Across the country, young people are eschewing suburban living for urban hubs, where there is easy access to just about every amenity imaginable. Miami exemplifies the trend. The city has doubled its population since the year 2000, and much of that growth is among young people. In the city’s downtown, almost half of all residents are between 25 and 44.
On one hand, it’s hard to argue with the benefits of density–it’s energy efficient, requires fewer vehicles on the road, and often allows people to live close to where they work. But Miami has a somewhat unique issue to contend with as it expands: climate change is already baring its teeth in the city, and the problem will only get worse.
Downtown Miami’s growth can be traced back to the last housing boom, when developers built 23,000 luxury condos in the area. When the crash hit hardest five years ago, 38% of those units were vacant. Now that the economy is rebounding, those units are quickly getting filled–and over 23,000 new condo units are already in the construction pipeline.
“The availability of high-end affordable housing along with an urban lifestyle in a tropical setting created the perfect storm driving thousands of young residents into our urban core, really for the first time in history. Once they were here, really cool restaurants, bars and shopping areas began to sprout,” writes Alyce Robertson, the executive director of the Miami Downtown Development Authority, in an email.
Young urbanites are trickling into Miami, a city with no individual income tax, from all over the country. New York and New Jersey are big feeder states. So are California and Nevada. “Until Hurricane Sandy, one of the concerns that held some back from moving here was the threat of hurricanes. But many have since reevaluated this because if a hurricane can hit Manhattan, it really can hit anywhere on the eastern seaboard,” writes Robertson.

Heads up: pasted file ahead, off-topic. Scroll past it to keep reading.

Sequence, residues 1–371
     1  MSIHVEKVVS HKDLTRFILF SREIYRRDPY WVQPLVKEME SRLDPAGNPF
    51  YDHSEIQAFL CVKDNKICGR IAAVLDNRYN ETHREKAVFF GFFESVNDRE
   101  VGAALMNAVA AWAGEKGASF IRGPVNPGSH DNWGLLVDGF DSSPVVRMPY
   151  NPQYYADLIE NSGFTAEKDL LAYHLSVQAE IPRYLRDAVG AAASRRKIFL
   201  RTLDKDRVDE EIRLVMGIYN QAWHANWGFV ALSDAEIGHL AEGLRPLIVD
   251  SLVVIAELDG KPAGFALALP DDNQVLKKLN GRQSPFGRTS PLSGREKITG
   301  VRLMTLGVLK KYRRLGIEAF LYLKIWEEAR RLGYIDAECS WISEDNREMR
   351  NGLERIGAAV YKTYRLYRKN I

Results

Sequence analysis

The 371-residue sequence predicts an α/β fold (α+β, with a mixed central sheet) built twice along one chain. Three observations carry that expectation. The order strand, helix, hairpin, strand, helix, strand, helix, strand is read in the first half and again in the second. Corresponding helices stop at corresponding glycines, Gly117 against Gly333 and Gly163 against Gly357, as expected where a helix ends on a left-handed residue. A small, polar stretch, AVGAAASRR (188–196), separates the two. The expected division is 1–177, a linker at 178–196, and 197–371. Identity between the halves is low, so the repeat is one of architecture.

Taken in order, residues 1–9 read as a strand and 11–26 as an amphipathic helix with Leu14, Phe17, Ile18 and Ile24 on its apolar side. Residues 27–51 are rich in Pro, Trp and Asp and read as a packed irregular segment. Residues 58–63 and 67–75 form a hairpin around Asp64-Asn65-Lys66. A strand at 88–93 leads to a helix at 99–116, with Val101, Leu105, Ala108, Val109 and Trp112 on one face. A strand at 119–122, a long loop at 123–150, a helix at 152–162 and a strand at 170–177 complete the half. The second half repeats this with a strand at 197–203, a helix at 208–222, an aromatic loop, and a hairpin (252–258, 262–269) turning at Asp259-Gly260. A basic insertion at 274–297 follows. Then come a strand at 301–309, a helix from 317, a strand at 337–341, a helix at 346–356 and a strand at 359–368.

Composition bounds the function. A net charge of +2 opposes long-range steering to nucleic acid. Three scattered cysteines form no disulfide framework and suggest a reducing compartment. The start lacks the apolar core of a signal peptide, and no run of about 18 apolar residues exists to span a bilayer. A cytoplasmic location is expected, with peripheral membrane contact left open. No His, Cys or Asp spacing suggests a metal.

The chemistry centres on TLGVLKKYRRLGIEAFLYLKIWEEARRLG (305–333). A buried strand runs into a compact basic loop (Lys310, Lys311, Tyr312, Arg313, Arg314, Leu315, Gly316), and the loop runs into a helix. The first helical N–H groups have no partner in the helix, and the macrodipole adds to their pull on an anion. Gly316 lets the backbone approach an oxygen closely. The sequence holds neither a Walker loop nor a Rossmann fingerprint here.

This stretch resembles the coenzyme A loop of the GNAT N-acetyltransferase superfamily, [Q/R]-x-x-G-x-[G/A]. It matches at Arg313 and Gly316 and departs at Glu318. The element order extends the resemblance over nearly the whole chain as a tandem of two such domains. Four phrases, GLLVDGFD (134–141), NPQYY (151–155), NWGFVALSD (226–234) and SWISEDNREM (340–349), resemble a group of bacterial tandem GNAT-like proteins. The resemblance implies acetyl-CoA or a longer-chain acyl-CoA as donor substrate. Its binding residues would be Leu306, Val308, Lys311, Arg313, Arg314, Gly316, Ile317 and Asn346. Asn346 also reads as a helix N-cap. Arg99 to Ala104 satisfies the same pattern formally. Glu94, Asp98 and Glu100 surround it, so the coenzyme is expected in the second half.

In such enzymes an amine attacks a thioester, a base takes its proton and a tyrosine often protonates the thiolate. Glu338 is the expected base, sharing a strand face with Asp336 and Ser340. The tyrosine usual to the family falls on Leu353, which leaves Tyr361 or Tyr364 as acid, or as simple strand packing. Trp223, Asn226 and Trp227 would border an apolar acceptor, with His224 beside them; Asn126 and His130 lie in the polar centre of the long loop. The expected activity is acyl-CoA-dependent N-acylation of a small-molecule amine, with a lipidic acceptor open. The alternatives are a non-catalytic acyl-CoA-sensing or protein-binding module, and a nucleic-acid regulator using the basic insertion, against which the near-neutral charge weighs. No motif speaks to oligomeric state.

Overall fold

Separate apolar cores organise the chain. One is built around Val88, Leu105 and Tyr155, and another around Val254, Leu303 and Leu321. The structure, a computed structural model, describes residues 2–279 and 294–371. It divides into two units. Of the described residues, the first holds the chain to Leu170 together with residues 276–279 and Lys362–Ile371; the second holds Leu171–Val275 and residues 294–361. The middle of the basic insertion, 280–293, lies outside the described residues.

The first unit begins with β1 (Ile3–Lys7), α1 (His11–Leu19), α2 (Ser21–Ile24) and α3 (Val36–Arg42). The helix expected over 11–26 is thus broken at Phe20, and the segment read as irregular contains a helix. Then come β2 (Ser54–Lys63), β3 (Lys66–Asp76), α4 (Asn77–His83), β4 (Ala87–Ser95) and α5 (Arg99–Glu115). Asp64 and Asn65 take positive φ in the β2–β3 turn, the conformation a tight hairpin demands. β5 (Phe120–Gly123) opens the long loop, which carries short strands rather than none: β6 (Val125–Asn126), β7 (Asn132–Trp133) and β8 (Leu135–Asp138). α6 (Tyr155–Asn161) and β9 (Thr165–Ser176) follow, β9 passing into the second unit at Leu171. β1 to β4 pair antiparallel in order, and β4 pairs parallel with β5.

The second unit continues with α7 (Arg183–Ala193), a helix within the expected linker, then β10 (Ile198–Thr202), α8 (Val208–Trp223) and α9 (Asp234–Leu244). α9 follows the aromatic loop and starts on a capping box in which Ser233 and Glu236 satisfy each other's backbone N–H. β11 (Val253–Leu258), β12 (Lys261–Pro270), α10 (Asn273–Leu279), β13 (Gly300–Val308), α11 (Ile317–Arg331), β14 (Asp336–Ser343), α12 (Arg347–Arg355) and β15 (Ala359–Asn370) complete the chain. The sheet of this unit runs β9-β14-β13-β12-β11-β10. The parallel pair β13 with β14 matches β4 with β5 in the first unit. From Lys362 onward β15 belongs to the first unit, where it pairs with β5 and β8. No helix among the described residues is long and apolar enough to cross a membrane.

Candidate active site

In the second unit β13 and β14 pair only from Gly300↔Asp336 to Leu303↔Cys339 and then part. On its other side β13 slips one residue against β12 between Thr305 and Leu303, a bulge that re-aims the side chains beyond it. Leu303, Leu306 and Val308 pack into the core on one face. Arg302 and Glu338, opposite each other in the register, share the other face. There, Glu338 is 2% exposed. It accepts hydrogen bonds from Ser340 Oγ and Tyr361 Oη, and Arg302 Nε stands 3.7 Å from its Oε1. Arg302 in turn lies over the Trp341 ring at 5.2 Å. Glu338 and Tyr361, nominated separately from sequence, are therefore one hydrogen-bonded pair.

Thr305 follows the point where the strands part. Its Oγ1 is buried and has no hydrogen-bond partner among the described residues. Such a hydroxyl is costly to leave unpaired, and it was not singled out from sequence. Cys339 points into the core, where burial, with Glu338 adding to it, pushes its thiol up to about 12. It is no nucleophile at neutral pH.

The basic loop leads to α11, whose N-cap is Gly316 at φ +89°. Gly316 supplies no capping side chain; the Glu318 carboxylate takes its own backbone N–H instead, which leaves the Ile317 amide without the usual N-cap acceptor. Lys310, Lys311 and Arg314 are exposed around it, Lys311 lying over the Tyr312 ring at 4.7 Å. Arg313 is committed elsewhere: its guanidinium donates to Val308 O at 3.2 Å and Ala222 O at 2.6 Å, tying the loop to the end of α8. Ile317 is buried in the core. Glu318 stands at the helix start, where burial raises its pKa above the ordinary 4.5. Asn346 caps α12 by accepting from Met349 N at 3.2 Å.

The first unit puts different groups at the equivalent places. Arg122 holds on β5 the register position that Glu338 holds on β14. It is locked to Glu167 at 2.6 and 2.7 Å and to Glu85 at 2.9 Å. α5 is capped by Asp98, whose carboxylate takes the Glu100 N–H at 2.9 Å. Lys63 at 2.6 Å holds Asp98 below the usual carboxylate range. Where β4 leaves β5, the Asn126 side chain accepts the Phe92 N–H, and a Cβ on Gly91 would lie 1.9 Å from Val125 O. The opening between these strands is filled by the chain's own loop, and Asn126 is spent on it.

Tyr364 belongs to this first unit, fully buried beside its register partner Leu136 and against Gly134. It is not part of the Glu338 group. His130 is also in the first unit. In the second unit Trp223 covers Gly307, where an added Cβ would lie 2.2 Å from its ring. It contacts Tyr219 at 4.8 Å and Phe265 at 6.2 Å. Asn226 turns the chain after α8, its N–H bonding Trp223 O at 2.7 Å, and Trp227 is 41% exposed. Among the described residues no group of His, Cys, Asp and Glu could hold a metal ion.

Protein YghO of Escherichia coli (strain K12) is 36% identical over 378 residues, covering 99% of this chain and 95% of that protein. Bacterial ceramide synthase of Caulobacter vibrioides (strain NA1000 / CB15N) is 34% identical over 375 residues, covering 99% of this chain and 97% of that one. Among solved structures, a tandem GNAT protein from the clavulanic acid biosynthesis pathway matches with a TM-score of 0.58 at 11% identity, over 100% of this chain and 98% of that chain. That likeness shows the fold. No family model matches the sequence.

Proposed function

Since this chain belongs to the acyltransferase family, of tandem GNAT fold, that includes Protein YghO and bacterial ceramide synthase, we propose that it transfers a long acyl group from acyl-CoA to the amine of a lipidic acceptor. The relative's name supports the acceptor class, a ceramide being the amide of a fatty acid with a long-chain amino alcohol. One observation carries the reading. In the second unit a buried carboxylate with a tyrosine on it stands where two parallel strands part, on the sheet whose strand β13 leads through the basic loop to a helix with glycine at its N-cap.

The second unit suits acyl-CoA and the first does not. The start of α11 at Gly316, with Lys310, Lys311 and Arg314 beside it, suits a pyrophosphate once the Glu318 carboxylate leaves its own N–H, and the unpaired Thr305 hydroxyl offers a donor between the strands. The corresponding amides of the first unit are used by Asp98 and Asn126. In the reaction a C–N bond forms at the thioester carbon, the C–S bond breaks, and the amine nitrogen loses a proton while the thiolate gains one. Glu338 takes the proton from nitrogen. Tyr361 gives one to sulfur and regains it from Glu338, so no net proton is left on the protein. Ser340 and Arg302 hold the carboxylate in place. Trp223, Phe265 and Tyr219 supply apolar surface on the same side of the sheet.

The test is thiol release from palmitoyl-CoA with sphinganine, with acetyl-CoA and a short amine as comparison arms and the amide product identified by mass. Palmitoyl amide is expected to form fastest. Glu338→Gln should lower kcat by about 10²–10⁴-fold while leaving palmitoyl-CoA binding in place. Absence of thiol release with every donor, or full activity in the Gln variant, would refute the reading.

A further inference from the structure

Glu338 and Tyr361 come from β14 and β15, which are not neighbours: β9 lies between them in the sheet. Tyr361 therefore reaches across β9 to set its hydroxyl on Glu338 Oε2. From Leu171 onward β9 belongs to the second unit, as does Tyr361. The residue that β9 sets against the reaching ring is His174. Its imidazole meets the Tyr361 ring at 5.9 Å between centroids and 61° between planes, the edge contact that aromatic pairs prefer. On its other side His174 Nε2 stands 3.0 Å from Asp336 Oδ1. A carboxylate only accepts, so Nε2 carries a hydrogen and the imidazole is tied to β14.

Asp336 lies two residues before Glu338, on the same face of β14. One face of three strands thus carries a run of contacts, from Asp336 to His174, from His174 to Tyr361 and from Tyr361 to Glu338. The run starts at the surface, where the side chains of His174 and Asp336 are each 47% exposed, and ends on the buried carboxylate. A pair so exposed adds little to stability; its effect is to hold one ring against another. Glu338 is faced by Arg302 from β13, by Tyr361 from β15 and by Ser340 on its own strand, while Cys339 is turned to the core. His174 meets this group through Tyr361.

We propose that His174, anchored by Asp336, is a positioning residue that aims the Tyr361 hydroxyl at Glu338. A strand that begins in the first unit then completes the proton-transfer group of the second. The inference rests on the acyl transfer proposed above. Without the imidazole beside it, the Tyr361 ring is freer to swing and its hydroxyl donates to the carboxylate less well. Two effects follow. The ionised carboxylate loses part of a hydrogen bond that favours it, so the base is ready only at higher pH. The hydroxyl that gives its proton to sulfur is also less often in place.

Robertson has a point. No major urban center in the U.S. is safe from the effects of climate change–drought, hurricanes, flooding, and heat waves are in our collective future. But Miami has exhibited more vulnerability that most cities. For Miami, a city that’s nearly at sea level, climate change isn’t in the future. It’s already here.
The national climate report found that although rapidly melting Arctic ice is threatening the entire American coastline, Miami is exceptionally vulnerable because of its unique geology. The city is built on top of porous limestone, which is already allowing the rising seas to soak into the city’s foundation, bubble up through pipes and drains, encroach on fresh water supplies and saturate infrastructure. County governments estimate that the damages could rise to billions or even trillions of dollars.
And from a Guardian piece on Miami’s vulnerability:
At Florida International University, geologist Peter Harlem has created a series of maps that chart what will happen as the sea continues to rise. These show that by the time oceans have risen by four feet – a fairly conservative forecast – most of Miami Beach, Key Biscayne, Virginia Key and all the area’s other pieces of prime real estate, will be bathtubs. At six feet, Miami city’s waterfront and the Florida Keys will have disappeared. The world’s busiest cruise ship port, which handles four million passengers, will disappear beneath the waves. “This is the fact of life about the ocean: it is very, very powerful,” says Harlem.
Robertson believes that Miami is doing its part to prepare. “South Florida already has a strict building code that prevents construction of living spaces on the first floor or requires builders to elevate the property in flood prone areas. While climate change is very real to us here, we aren’t the only community in the country that faces this risk. When it comes to sea level rising, reports have found that a number of U.S. cities including Boston, Los Angeles and New York are as vulnerable as Miami,” she writes.
Even though flooding in East Coast cities will become more frequent in the coming decades, Miami is indeed uniquely vulnerable; as the Guardian points out, there are 4.2 million U.S. residents living at an elevation of four feet or less, and 2.4 million of them are in south Florida.
As the city rapidly builds out its infrastructure to accommodate all the new young faces streaming in, it would do well to make sure that its residents are protected from future floods–after all, times of growth (like right now) are the perfect opportunity to add in protective infrastructure. And the more well-off Miami is, the more resources it will have to fight rising seas. Of course, even with a climate change-ready infrastructure, residents of Miami–and other coastal cities–will remain vulnerable.